Manchester United have no chance of reaching the coveted top four and, with it, a place in the Champions League for next season. That is, at least, the opinion of former manager Tommy Docherty.
Under Louis van Gaal, United have endured their worst start to the season to a Premier League season and currently occupy seventh place - two points behind surprise package West Ham in fourth position.
Van Gaal has struggled to find consistency with his expensively assembled side, already presiding over three defeats since assuming control in the summer, and the manager has conceded that his constant change of approach has not been ideal.
Docherty has been far from impressed by Van Gaal since the experienced Dutchman moved to Old Trafford to succeed David Moyes on a permanent basis, and is already feeling pessimistic about the club’s European prospects.
“Van Gaal must have arrived dreaming of winning the title, but that went out the window in the opening few weeks," Docherty told Goal.com.
- Louis van Gaal agrees with Manchester United critics
- Louis van Gaal deserves criticism for failing to sign Toni Kroos
- Kevin Strootman makes injury return
“I wouldn’t put any money on them finishing in the top four, to be honest. Unless they buck up their ideas, their best chance of getting into the Champions League is to swim the Channel.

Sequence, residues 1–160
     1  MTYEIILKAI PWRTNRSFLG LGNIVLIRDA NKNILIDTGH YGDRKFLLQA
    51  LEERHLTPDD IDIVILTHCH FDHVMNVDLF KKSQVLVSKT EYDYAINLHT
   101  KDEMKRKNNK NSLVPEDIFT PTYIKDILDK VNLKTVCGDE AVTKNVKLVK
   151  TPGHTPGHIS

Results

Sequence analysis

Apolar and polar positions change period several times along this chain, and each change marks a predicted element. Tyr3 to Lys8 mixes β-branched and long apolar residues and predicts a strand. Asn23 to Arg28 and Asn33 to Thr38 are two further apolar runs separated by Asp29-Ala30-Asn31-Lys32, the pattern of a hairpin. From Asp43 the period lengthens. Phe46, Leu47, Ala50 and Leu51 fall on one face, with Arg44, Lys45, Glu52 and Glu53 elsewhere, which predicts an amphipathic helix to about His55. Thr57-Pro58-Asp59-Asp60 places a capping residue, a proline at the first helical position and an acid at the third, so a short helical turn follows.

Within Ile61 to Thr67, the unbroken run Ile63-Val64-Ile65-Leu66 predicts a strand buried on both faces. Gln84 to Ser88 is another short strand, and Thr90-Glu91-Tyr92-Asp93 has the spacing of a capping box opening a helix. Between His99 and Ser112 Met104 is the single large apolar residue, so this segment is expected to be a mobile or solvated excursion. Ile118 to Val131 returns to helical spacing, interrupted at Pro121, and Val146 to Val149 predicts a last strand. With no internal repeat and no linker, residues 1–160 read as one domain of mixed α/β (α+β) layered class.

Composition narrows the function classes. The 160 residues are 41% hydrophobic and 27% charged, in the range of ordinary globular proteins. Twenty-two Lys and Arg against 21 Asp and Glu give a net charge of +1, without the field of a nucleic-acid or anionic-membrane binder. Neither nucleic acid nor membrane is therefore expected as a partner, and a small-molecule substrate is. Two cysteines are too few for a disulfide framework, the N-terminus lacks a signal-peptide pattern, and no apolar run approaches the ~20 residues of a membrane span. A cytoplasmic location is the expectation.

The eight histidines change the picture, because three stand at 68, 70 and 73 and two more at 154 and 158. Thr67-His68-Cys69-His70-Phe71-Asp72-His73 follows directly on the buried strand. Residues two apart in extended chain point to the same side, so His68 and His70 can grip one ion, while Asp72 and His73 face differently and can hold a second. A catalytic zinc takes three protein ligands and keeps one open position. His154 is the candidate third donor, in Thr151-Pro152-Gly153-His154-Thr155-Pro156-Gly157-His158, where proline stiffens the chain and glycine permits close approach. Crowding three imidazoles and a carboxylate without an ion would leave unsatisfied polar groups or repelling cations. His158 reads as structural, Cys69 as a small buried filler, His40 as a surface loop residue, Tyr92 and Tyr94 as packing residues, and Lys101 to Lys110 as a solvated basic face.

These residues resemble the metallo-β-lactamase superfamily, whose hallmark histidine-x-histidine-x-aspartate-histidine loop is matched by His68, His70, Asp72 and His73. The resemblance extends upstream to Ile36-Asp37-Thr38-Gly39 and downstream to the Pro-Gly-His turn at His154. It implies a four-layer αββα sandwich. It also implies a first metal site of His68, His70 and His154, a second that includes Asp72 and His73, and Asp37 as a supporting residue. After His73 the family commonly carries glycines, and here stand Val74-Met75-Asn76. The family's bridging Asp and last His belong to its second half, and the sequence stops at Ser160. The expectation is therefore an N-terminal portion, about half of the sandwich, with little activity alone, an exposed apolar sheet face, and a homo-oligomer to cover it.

“There is no doubt that Van Gaal’s record on the Continent is fantastic, but perhaps he hasn’t appreciated that the English Premier League is a different ball game.”
Upon his arrival at Manchester United, Van Gaal had requested that he and his team were judged after three months of the season. It does not, however, make for pretty reading.
David Moyes during his brief tenure could boast a superior record to Van Gaal over the same period, and with European action to contend with, although the latter has been particularly unfortunate with injuries to a number of players.
Van Gaal had nine injuries and one suspension ahead of the narrow weekend victory over Crystal Palace, and believes it will still be some time until he is truly able to leave a lasting impression with the club.
“When I answer that I have a clear vision then you have to know that I’m [considered] arrogant but when you have seen what I have done in my career you have to know that I have a vision and that I’m very confident in it,” he told reporters.
“I don’t think it is arrogant, it is self-confidence, although not only confidence in myself but in my players, in the club, in the structure and organisation, in the staff, in my press officer.”